“I just want to say that (the agenda posting for) ES 334 specifically mentions ‘claims’- the posting of it- and 335 mentions lawsuits all of which are claiming damages- which are claims” said Yukimura.
“There is no doubt in my mind that these two issues clearly come under the Charter. It’s fine when they come under two laws- they can come under both the Sunshine Law and the Charter and they do in terms of claims”
Mickens again commented calling it “strange” that after 10 months of complaints that claims and 3.07(e) were noticed on the agenda to which Yukimura astonishingly said “We’ve always recognized that it’s relevant.
“You have?” said Mickens in disbelief, “Then why have we sat here for 10 months bringing it up and we’ve never heard anything?
“There’s always been a question as to how HRS and the charter integrates” responded Yukimura.” I don’t think we’ve ever said the charter doesn’t apply”
“But it’s never been on the agenda before” cried Mickens.
“And I think that’s due to your good influence” said Yukimura.
The council routinely meets on matters of public policy in secret ES.
Furfaro then said that he believes a case called Hui Malama v C&K of Honolulu might pertain which he said widens the definition but Mickens, obviously familiar with the case said that the law there was different and more lenient.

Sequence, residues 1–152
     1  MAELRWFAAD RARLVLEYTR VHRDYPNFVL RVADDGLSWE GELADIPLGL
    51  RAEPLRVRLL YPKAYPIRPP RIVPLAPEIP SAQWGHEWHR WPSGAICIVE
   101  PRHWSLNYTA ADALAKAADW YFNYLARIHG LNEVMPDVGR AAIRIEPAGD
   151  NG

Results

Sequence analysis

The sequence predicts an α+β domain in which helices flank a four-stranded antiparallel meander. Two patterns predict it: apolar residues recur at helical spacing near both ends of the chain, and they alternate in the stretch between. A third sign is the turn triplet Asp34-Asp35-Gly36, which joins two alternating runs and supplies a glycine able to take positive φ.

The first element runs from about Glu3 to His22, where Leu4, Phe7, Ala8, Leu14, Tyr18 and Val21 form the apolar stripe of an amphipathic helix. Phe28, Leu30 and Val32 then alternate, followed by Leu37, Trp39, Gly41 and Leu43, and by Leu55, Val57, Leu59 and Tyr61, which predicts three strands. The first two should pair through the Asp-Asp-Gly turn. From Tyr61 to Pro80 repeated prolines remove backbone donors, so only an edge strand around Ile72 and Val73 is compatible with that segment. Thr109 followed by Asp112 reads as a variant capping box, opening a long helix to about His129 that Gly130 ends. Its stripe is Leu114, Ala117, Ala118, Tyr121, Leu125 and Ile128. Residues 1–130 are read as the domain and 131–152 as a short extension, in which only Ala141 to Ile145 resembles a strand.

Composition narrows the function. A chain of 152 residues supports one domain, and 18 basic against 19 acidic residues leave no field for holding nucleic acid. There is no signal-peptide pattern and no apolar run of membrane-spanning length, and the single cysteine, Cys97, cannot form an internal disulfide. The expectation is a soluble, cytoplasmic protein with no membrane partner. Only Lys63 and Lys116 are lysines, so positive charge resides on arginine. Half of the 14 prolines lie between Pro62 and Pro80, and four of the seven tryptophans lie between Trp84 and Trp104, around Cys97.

Then Ken Taylor specifically complained that ES 334 was clearly about the sea wall fronting Pono Kai in Kapa`a for which there is no litigation much less claims.
At that councilmember Tim Bynum who has been trying to buck the system in trying to release various CA opinions told of his frustrations, including the fact that he can’t even get the council to pass rules for releasing the opinions and how he’s been trying to get this one released since January.
When Taylor tried to answer Bynum’s tale Furfaro screamed that Bynum had made a statement and had not asked a question and doesn’t call for an answer from Taylor to which Asing banged his gavel and dismissed Taylor.